In Review: The Retrospec Jax Rev Folding Electric Bike

I’m a big fan of electric bikes. New York is, in theory, a bike-able city, but in practice getting from Brooklyn to Manhattan is quite a ride and you definitely need some help from a friendly god — or an ebike — the survive the commute. The Jax Rev is an interesting new ebike from a manufacturer called Retrospec in California. The offer multiple types of standard and electric bike and I found the Jax Rev folding model to be quite rideable and rugged enough for multiple ten-mile trips through the city.

What is it?

This is a folding bike with a hinge at the seat post and a system for folding down the handlebars. The Jax Rev comes with 48V/500W or 750W battery and posts a 25 mile travel distance on the 500W model and 35 miles for the 750W. I’ve ridden it 20 miles straight and saw about half a charge at the end of my trip, although the battery range indicator is a bit primitive. I didn’t have any range anxiety and because the battery is removable and replaceable, you shouldn’t have any issues with the battery or drive train during the bike’s life.

The entire thing is surprisingly rugged with a nice pair of front shocks and disk brakes that stop you solidly (I once almost went over the handlebars thanks to an overzealous application of the brakes.) The bike uses the Key Display KD58C to manage speed and range as well as some basic max speed control for the motor. There are a number of sites that allow you to bypass the speed limiter which, in theory, would void your warranty and send you flying if you stopped too quickly.

The best thing? The bike has a nice little speed toggle on the left handlebar which allows you to speed things and hold your speed without pedaling. It’s a partial pedal assist but this little throttle is great and makes it a very compelling bike.

Is it good?

This is a $1,399 ebike, which is definitely in the mid-range of the series. Retrospec also sells a cheaper $1,199 model that is more in the hipster aesthetic but I liked the Rev Jax for its portability and big tires. As for complete portability this thing leaves a bit to be desired. It weighs in at about 50 pounds so you probably won’t be dragging it up or down any stairs. It’s foldable for easy storage, not for transportation.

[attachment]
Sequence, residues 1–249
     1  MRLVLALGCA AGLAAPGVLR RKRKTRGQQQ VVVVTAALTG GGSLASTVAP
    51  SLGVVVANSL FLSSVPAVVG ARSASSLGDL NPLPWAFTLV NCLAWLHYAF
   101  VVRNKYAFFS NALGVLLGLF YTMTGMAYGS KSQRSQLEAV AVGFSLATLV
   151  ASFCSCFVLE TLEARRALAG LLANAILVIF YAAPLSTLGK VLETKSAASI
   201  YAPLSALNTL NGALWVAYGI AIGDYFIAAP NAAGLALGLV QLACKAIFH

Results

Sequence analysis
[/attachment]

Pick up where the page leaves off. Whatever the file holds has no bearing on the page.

The entire thing is very well built although you should go over the bike with a hex key to tighten the handlebars. The unit I test had an unfortunate habit of vibrating loudly when it started revving up but that problem has reduced over time.

Build quality is fine but, again, it is not perfect right from the factory. If you’re not handy I’d recommend getting this thing tuned at a bike shop before you ride it very far. Because it ships in one piece, it’s clear that some of the parts could have jostled in transport. It’s better to be safe than sorry.

Should you buy it?

As an ebike fan I can report that this beast is solid, speedy, and pleasant to ride. At $1,399 it’s quite pricey but you’re buying from an established manufacturer with a competent support offering so it might be worth it. I’ve seen similar bikes for about $700 and I’m sure you can spot them cheaper, but the entire package – from delivery to setup to styling – is superior. The company claims this thing is good for off-road riding as well, which I could see provided you locked down the accoutrements. I also like the big pannier frame and carrier on the back. It’s great for a backpack or, with a couple of bungee cords, a computer bag. The ride is smooth even over rough terrain so you won’t have to worry about your laptop or valuables.

I like this bike. It’s big, bold, and fun. It has a few fit and finish issues but that could be a product of rushed deliveries in a post-pandemic world. At $1,399 I’d shop around a bit but I think you’ll be happy if you pull the trigger on this big beast of a bike.

John Biggs

John Biggs is an entrepreneur, consultant, writer, and maker. He spent fifteen years as an editor for Gizmodo, CrunchGear, and TechCrunch and has a deep background in hardware startups, 3D printing, and blockchain. His work has appeared in Men’s Health, Wired, and the New York Times.

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